Fronteers Spring Conference Sessions
How do we animate smoothly without laptop fans going haywire all around the world? It’s through animation that we make sense of the world: doors swing open, cars drive to their destinations, lips curl into smiles. Even the things that feel instantaneous, like lightning striking, or dropping a phone on your face while browsing in bed, happen over time, and it’s through that motion that we understand how objects relate and function; if they are light or heavy, rigid or loose, connected or separate, sticky or slippery.
In this talk we’ll dig deep into theory and code examples in the pursuit of trying to answer a seemingly simple question: How do we really create performant web animations?
If you could take a 50% hit in real world performance and get a site that feels 50% faster, would you? Nobody cares how fast your site is. All your users care about is how fast your site feels. Going beyond the perceived perf theory, Paul is bringing a bunch of demos of things that employ clever tricks and psychology to turn things that should be slow into things that feel incredibly fast.
Web fonts are great. They are also be really bad for performance because they block rendering. You may have experienced this on a slow cellular network. Staring at a blank page is no fun, especially when content has already loaded.
This talk will explore why browser have placed fonts on the critical path, and how we can work around this while still delivering a good user experience. We’ll also take a look at what the future will bring to web font performance: preloading hints and the new font-display property.
By studying the limitations of browsers with assistive technologies and establishing developer best practices, we can we make faster, more accessible experiences for our users. We'll frame Web Performance with an Accessibility lens, looking at progressive enhancement in detail with server- and client-rendered apps built with Angular 2, React or Ember FastBoot; always remembering our friend, static HTML.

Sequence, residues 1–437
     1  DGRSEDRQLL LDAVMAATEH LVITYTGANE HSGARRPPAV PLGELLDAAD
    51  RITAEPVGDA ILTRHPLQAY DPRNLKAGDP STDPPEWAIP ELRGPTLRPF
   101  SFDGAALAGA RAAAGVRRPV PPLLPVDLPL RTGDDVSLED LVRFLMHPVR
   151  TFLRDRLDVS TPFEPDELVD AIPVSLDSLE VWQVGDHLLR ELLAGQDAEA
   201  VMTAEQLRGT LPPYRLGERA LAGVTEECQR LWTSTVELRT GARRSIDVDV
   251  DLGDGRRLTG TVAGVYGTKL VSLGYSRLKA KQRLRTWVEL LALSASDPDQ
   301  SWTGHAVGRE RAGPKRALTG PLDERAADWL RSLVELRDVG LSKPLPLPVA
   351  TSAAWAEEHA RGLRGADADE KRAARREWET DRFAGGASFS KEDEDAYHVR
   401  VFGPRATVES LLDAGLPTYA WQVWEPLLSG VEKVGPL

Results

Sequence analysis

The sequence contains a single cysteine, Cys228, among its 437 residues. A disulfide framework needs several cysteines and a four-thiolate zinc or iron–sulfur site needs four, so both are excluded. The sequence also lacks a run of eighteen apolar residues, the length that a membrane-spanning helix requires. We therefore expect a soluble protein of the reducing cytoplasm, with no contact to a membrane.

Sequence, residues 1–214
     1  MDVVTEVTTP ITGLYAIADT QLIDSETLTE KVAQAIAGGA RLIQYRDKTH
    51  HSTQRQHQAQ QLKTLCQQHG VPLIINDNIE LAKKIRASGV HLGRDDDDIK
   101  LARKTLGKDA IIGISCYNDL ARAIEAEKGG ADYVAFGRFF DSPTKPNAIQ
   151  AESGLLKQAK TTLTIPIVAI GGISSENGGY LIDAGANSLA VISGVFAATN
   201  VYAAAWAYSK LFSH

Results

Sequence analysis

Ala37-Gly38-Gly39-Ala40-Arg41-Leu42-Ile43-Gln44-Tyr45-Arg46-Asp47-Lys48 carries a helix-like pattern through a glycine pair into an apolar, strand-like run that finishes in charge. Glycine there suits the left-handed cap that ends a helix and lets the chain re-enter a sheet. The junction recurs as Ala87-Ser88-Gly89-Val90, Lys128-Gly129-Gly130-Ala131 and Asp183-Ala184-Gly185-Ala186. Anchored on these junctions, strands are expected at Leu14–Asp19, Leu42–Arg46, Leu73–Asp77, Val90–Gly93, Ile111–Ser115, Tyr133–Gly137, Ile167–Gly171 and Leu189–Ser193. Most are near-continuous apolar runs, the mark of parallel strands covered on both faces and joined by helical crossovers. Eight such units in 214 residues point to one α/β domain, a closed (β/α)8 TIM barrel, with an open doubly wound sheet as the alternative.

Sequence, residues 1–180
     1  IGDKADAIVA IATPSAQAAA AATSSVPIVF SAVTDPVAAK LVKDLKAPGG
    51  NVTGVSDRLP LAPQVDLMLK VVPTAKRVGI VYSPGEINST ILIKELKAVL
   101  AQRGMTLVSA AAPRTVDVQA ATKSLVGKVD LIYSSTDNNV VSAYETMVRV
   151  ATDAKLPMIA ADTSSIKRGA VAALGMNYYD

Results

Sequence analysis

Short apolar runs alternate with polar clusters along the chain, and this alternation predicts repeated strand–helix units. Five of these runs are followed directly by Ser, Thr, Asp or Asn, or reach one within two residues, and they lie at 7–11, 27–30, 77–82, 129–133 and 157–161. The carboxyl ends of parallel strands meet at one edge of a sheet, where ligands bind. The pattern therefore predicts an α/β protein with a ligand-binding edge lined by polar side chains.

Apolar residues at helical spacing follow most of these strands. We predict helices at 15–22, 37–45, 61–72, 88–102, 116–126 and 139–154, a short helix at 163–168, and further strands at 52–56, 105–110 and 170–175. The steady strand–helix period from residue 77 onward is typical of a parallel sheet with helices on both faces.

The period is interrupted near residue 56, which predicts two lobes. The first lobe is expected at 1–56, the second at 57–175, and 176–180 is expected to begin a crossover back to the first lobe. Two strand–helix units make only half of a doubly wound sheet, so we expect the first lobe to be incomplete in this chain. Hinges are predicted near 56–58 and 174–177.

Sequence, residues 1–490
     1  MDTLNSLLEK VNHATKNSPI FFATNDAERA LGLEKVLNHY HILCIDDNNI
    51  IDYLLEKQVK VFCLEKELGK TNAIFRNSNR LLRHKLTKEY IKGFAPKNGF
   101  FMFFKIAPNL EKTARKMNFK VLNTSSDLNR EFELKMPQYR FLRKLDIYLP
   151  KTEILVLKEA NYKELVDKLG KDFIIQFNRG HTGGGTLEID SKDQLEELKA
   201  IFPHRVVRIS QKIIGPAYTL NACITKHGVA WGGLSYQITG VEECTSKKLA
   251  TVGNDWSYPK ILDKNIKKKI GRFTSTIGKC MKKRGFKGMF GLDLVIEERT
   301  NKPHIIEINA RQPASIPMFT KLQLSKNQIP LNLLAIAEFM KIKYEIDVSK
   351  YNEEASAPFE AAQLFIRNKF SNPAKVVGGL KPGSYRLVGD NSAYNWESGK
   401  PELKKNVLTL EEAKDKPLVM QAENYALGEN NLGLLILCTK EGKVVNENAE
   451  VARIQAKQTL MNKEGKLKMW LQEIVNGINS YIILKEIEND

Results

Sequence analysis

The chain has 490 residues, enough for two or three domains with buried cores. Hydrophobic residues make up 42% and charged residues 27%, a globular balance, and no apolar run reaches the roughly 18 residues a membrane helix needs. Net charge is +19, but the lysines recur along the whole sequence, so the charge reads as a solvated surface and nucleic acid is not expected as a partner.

There are scores of concerns, both back-end and front-end, when considering performance. When it comes to accessibility, user performance is also a major concern and extends beyond things like perceived time. While perceived time is very important for UX, accessible user experience intersects performance in that it requires allowing the user to answer one core question as they work with the interface: "What is this thing, and what does it do". In this talk we'll talk about the intersections of UX, performance, and accessibility and how each contribute to an accessible user experience.
Responsive Web Design (RWD) is the solution for putting our apps on mobile devices. Or is it? Bloated web applications that simply shrink in width are not usable. Squishy design is not the only, or even the main, solution for improved mobile web user experience. Other than responsive design, how can we improve performance so our mobile web applications, responsive or not, are usable and accessible no matter how a user chooses to access it.
Everyone in 2016 knows that websites should use HTTPS. However, there is a common misconception that TLS and other security measures slow down both web developers and page load times. This talk will show you some easy tricks to make your site more secure without sacrificing performance.
Images form 64% of all website data & have a high correlation to page load time. Optimizing image delivery through compression alone is a daunting task. Using HTTP2's superpowers, we can optimize images to ship faster, increasing the perceived performance and initiating users' emotional responses to visuals earlier. HTTP2-powered image delivery leads to lower bounce rates and higher conversions.
In security-sensitive situations, performance can actually be a bug rather than a feature. This presentation covers timing attacks on the web, and demonstrates how modern performance-related web APIs can sometimes have a negative security impact.
Occasionally, the stakeholders at your client need some convincing to have you go the extra mile for performance. That means making a business case for web performance optimization. In his closing keynote, Kristian Sköld will help you do this using data-based analysis and real-life examples of his large-scale clients.